Islam is the second largest religion in the world after Christianity, with about 1.8 billion Muslims worldwide. Although its roots go back further, scholars typically date the creation of Islam to the 7th century, making it the youngest of the major world religions. Islam started in Mecca, in modern-day Saudi Arabia, during the time of the prophet Muhammad’s life. Today, the faith is spreading rapidly throughout the world.
The word “Islam” means “submission to the will of God.”
Followers of Islam are called Muslims.
Muslims worship one, all-knowing God, who in Arabic is known as Allah.
Followers of Islam aim to live a life of complete submission to Allah. They believe that nothing can happen without Allah’s permission, but humans have free will.
Islam teaches that Allah’s word was revealed to the prophet Muhammad through the angel Gabriel.
Muslims believe several prophets were sent to teach Allah’s law. They respect some of the same prophets as Jews and Christians, including Abraham, Moses, Noah and Jesus. Muslims contend that Muhammad was the final prophet.
Mosques are places where Muslims worship.
Some important Islamic holy places include the Kaaba shrine in Mecca, the Al-Aqsa mosque in Jerusalem, and the Prophet Muhammad’s mosque in Medina.
The Quran is the major holy text of Islam. The Hadith is another important book. Muslims also revere some material found in the Judeo-Christian Bible.
Followers worship Allah by praying and reciting the Quran. They believe there will be a day of judgment, and life after death.
A central idea in Islam is “jihad,” which means “struggle.” While the term has been used negatively in mainstream culture, Muslims believe it refers to internal and external efforts to defend their faith. Although rare, this can include military jihad if a “just war” is needed.
Muhammad, sometimes spelled “Mohammed” or “Mohammad,” was born in Mecca, Saudi Arabia, in 570 A.D. Muslims believe he was the final prophet sent by God to reveal their faith to mankind.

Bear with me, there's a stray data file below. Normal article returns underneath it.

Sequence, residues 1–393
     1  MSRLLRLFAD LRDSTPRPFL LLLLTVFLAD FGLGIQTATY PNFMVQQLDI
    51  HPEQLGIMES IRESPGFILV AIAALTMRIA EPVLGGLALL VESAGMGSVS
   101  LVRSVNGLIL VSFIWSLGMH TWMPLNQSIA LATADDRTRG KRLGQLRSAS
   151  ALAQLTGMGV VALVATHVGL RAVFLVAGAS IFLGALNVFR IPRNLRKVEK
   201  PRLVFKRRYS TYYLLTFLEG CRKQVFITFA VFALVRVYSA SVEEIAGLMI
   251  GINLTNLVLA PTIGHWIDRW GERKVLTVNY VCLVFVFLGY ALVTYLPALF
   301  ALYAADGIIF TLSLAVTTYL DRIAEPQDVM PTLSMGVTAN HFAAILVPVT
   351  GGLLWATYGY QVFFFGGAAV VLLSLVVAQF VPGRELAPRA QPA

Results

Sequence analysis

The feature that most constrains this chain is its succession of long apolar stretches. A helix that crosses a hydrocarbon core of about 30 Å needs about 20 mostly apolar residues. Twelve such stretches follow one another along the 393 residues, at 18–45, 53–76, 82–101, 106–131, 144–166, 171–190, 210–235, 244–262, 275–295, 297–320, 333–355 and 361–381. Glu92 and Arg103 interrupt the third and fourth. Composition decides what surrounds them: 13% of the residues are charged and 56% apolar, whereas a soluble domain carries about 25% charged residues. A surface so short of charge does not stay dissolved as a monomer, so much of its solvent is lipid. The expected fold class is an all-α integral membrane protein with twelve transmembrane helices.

According to Islamic texts and tradition, an angel named Gabriel visited Muhammad in 610 A.D. while he was meditating in a cave. The angel ordered Muhammad to recite the words of Allah.
Muslims believe that Muhammad continued to receive revelations from Allah throughout the rest of his life.
Starting in about 613, Muhammad began preaching throughout Mecca the messages he received. He taught that there was no other God but Allah and that Muslims should devote their lives to this God.
In 622, Muhammad traveled from Mecca to Medina with his supporters. This journey became known as the Hijra (also spelled Hegira or Hijrah), and marks the beginning of the Islamic calendar.
Some seven years later, Muhammad and his many followers returned to Mecca and conquered the region.
He continued to preach until his death in 632.
After Muhammad’s passing, Islam began to spread rapidly. A series of leaders, known as caliphs, became successors to Muhammad. This system of leadership, which was run by a Muslim ruler, became known as a caliphate.
The first caliph was Abu Bakr, Muhammad’s father-in-law and close friend.
Abu Bakr died about two years after he was elected and was succeeded in 634 by Caliph Umar, another father-in-law of Muhammad.
When Umar was assassinated six years after being named caliph, Uthman, Muhammad’s son-in-law, took the role.
Uthman was also killed, and Ali, Muhammad’s cousin and son-in-law, was selected as the next caliph.
During the reign of the first four caliphs, Arab Muslims conquered large regions in the Middle East, including Syria, Palestine, Iran and Iraq. Islam also spread throughout areas in Europe, Africa, and Asia.
The caliphate system lasted for centuries and eventually evolved into the Ottoman Empire, which controlled large regions in the Middle East from about 1517 until 1917, when World War I ended the Ottoman reign.
Sunnis and Shiites
When Muhammad died, there was debate over who should replace him as leader. This led to a schism in Islam, and two major sects emerged: the Sunnis and the Shiites.
Sunnis make up nearly 90 percent of Muslims worldwide. They accept that the first four caliphs were the true successors to Muhammad.
Shiite Muslims believe that only the caliph Ali and his descendants are the real successors to Muhammad. They deny the legitimacy of the first three caliphs. Today, Shiite Muslims have a considerable presence in Iran, Iraq and Syria.
Other Types of Islam
Other, smaller Muslim denominations within the Sunni and Shiite groups exist. Some of these include:
Wahhabi: This Sunni sect, made up of members of the Tameem tribe in Saudi Arabia, was founded in the 18th century. Followers observe an extremely strict interpretation of Islam that was taught by Muhammad bin Abd al-Wahhab.